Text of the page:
CHERNIVTSI REGION JOURNALISTS CONCERNED ABOUT FREEDOM OF SPEECH. Public organizations and unions of creative professions, editorial boards, and individual journalists in Chernivtsi region have sent a letter to the National Committee for Information Policy asking that it protect freedom of speech in their region of western Ukraine. In particular, the letter expressed concern about two regional papers "Bukovinske Viche" (The Council of Bukovyna) and "Zorile Bukoviney" (its Romanian-language version). One of the paper's founders, the Chernivtsi Regional Council, has decided to withdraw its financing from the newspapers. According to the letter, the papers have undergone numerous groundless inspections by local authorities. The appeal claims that "Bukovinske Viche" has made a "huge contribution to securing self-administration in the Chernivtsi region" and "Zorile Bukoviney" has covered local government for 61 years. The authors of the appeal claim that "it is no secret" that Teofil Bauer, head of the Chernvtsi regional administration, "does not like criticism" and that the newly elected regional council makes decisions "in the absence of the persons concerned." In July, Bauer brought a libel suit against the independent local paper "Chas" for an article in April of this year which charged that local authorities rigged elections to the Chernivtsi regional council. ("European Institute for the Media July Ukraine Bulletin," 16 August)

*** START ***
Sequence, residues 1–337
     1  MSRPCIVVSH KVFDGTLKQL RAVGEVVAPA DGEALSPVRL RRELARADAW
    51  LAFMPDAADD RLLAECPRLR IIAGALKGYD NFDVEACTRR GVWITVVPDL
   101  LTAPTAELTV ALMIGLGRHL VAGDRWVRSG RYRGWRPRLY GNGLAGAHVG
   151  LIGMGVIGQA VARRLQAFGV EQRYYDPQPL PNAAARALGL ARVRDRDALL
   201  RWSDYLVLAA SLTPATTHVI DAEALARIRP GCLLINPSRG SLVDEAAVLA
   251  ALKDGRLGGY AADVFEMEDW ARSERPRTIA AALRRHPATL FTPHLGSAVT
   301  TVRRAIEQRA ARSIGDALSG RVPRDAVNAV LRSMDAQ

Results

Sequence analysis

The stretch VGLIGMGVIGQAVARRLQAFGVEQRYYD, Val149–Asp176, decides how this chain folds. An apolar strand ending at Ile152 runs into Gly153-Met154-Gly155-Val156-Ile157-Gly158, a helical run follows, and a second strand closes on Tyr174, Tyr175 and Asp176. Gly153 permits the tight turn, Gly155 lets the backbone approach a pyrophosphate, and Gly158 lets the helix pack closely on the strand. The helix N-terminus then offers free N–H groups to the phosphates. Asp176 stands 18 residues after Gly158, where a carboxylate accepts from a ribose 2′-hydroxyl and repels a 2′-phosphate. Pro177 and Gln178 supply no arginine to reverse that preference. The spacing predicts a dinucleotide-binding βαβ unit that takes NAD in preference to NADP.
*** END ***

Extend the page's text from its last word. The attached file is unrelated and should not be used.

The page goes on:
SUIT FILED AGAINST PAPER IN CRIMEA. The Crimean branch of the Rukh movement announced on 15 July that three residents of Crimea have filed a lawsuit against the paper "Krymskaya Pravda" and the paper's editor in chief, Mykhailo Bakharyev, with the city court of Simferopol in Crimea. The claimants want the court to protect their honor and national dignity and order the newspaper to compensate them for moral damages. They were offended by an article that Bakharyev published in October 2001 in which the author wrote that there is no Ukrainian nation or Ukrainian language and that "Ukrainians are part of the Russian nation, speaking one of the Russian dialects." One of the claimants, Oleh Fomushkin, chairman of the Crimean Union of Landowners and also the leader of the Crimean branch of the Rukh movement, said such statements were dangerous since they appeared in the most popular newspaper in the Crimea. The claimants want the newspaper to publish a refutation of Bakharyev's statements and pay compensation for moral damages in the amount of 1 million hryvnyas (around $200,000) from the paper and 200,000 hryvnyas (around $40,000) from the author of the disputed article. ("European Institute for the Media July Ukraine Bulletin," 16 August)